Correctional Case Manager: Career Guide

Staff Writers picture
Staff Writers Contributing Writer
Updated October 14, 2020 is an advertising-supported site. Featured or trusted partner programs and all school search, finder, or match results are for schools that compensate us. This compensation does not influence our school rankings, resource guides, or other editorially-independent information published on this site.

Are you ready to find a school that's aligned with your interests?

Correctional case managers, or treatment specialists, provide a critical connection between the prison system and social services. They work in an advisory capacity with convicted criminals to help rehabilitate and reintroduce them to the community. Though often compared to a parole or probation officer, a correctional case manager's role differs substantially. A correctional case manager's focus is on providing direct rehabilitation and social services, such as counseling and job training. A corrections degree will help you develop the skills necessary for a successful career as a correctional case manager.

Featured Online Programs

Explore program formats, transfer requirements, financial aid packages, and more by contacting the schools below.

Career Description, Duties, and Common Tasks

Correctional case managers interact with inmates on a daily basis. They analyze an offender's psychological tendencies and past behaviors, including sexual abuse, drug abuse, and violence. They develop an individual treatment plan for inmates, with the goal of making a difference in the individual's future path in life. Case managers will offer counseling suggestions to help a convict deal with the results of violent outbursts, anger issues, or drug and alcohol abuse. In addition, case managers help their clients locate education opportunities and acquire job skills to ease the transition to life outside prison once they are released.

Case managers work in a variety of settings, including local, state, and federal correctional facilities, such as the Federal Bureau of Prisons. Others work with probation and parole officers in independent offices located outside of correctional institutions. Advancement is possible through years of job experience or continued education. A PhD or master's degree in related fields such as psychology, law, or criminology is necessary for advancement to some higher positions. Increasing populations in US prisons combined with earlier prisoner release numbers are causing a rise in demand for case managers.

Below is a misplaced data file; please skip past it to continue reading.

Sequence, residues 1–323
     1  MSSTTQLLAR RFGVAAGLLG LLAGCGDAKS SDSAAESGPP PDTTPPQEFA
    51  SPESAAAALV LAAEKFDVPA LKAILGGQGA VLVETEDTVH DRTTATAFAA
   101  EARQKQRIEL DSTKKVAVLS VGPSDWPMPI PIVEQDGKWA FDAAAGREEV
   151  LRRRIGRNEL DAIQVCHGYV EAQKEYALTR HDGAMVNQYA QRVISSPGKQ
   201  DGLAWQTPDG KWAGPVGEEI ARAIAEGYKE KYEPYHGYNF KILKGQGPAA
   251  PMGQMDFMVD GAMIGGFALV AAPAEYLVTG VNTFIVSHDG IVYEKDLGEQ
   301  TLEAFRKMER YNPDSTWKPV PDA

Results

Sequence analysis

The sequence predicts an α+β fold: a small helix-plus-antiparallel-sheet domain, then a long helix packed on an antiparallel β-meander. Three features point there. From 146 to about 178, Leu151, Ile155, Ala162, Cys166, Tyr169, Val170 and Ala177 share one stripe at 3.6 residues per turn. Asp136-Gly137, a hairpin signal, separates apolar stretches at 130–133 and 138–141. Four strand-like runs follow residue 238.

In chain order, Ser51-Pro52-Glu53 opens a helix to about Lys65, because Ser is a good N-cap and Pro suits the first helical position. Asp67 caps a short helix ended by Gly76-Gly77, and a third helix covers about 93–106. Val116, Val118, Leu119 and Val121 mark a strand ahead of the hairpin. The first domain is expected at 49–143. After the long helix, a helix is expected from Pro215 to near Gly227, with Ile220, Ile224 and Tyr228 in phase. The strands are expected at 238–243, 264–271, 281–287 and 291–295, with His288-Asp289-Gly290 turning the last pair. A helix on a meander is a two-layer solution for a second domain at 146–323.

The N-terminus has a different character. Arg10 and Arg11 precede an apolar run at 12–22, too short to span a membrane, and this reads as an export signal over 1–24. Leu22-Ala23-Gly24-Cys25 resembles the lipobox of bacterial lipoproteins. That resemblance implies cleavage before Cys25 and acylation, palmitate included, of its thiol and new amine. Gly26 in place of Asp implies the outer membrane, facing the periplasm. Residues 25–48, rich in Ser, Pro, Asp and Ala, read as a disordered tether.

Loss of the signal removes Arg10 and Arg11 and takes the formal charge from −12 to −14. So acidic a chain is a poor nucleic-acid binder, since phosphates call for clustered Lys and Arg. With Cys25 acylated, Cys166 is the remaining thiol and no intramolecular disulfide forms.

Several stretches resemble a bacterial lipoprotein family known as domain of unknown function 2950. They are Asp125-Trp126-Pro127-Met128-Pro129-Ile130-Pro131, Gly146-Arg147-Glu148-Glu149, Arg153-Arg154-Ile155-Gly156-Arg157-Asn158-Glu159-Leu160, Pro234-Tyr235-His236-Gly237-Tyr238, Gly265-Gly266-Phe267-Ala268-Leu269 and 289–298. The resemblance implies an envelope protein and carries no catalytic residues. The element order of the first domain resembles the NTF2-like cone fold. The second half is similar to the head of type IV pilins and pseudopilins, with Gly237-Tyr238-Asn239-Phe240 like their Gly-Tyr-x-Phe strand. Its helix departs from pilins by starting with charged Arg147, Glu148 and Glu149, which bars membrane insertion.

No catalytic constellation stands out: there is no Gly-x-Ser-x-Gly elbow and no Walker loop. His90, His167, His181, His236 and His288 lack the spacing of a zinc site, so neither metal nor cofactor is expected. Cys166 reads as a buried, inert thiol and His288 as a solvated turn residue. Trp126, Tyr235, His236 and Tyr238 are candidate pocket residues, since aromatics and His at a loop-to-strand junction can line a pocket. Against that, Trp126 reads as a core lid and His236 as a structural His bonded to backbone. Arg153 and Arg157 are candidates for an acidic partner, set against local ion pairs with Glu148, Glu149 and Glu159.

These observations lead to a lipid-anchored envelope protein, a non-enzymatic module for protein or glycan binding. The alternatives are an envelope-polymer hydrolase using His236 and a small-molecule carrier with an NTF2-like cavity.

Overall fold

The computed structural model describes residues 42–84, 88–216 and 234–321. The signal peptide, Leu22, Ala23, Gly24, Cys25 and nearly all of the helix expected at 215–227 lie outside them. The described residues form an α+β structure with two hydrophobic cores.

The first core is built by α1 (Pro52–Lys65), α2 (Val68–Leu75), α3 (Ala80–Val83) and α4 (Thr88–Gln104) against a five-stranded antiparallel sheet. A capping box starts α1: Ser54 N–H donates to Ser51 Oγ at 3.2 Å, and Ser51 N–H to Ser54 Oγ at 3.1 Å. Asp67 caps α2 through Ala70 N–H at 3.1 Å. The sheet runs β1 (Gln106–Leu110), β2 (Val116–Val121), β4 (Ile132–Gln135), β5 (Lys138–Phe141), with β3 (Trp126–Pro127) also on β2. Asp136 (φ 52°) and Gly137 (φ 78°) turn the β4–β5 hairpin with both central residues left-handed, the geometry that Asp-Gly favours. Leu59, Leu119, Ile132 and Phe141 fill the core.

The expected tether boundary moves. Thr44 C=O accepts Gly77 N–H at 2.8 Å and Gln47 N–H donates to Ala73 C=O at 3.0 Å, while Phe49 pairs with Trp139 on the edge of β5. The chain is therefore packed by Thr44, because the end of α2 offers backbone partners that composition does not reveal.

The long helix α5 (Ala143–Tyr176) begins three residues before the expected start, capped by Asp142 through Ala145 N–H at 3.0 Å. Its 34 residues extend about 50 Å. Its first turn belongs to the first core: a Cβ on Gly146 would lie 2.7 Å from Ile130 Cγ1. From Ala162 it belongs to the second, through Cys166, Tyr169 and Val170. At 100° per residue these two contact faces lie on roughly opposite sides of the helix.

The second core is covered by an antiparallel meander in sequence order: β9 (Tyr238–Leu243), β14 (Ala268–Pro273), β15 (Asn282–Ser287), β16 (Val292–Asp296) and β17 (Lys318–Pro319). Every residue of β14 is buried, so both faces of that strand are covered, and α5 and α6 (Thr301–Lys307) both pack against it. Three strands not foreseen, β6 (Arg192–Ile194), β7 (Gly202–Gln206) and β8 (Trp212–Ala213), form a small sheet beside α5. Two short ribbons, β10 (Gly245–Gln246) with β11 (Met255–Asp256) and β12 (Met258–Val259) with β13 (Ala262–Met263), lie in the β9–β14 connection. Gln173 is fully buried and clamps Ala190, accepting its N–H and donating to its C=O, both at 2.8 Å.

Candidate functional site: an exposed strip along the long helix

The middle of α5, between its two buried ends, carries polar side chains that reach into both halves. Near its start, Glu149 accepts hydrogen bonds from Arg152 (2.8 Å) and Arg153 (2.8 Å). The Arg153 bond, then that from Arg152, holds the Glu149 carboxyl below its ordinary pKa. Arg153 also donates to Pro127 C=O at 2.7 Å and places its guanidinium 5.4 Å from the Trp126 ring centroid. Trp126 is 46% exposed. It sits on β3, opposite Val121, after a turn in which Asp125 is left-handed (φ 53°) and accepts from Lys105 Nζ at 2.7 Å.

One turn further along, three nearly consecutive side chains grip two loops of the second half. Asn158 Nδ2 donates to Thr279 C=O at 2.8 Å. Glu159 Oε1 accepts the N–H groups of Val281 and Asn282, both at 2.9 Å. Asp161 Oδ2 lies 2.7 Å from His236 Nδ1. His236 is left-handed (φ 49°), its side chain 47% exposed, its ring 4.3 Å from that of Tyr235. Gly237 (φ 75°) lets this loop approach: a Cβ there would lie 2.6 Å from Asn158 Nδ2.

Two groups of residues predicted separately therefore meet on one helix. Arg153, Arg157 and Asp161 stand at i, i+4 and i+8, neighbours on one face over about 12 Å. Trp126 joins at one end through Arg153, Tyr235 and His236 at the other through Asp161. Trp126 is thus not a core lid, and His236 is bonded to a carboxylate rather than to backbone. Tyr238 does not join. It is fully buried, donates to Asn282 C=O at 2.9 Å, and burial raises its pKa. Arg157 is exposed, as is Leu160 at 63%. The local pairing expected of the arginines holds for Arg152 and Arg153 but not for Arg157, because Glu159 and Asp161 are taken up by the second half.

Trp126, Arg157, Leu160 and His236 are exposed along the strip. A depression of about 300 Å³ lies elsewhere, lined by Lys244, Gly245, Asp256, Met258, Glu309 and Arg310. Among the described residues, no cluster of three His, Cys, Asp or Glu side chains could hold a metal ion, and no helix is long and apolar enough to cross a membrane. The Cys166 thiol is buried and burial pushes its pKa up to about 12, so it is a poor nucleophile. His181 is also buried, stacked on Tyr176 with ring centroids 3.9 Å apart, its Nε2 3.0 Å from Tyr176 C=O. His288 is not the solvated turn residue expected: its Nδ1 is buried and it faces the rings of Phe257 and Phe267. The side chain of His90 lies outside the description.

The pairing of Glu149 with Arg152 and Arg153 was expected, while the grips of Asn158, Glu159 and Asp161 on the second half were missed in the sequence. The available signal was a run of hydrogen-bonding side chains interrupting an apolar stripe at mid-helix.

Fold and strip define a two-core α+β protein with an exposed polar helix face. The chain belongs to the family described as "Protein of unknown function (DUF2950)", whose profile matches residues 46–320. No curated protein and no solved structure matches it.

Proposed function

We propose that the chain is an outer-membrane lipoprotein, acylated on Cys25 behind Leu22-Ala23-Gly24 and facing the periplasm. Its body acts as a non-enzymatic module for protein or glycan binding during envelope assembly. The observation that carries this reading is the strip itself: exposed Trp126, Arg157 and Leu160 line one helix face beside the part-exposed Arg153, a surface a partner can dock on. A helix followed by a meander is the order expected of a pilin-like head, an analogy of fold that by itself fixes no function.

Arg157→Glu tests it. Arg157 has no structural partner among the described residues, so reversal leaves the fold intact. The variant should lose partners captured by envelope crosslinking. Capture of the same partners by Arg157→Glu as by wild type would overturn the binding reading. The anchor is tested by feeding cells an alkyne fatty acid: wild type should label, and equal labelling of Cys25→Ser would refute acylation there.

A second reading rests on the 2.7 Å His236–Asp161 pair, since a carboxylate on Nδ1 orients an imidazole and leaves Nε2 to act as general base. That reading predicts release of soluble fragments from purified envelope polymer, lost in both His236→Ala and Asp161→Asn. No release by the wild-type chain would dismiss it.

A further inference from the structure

Steps for Becoming a Correctional Case Manager

The minimum educational requirement for correctional case managers is a high school diploma or GED, though many employers expect qualified applicants to have a bachelor's degree, preferably in behavioral or social sciences or in criminal justice. Some employers may allow experience in criminal justice in place of education. Employers typically ask that qualified applicants undergo testing to ensure they are capable of functioning effectively in a physically and an emotionally demanding job. Becoming a correctional case manager may include the following steps:

  1. Attend a degree program or gain experience in a related field.*
  2. Apply for an open correctional case manager position.
  3. Attend an oral interview.
  4. Successfully complete a written and psychological examination.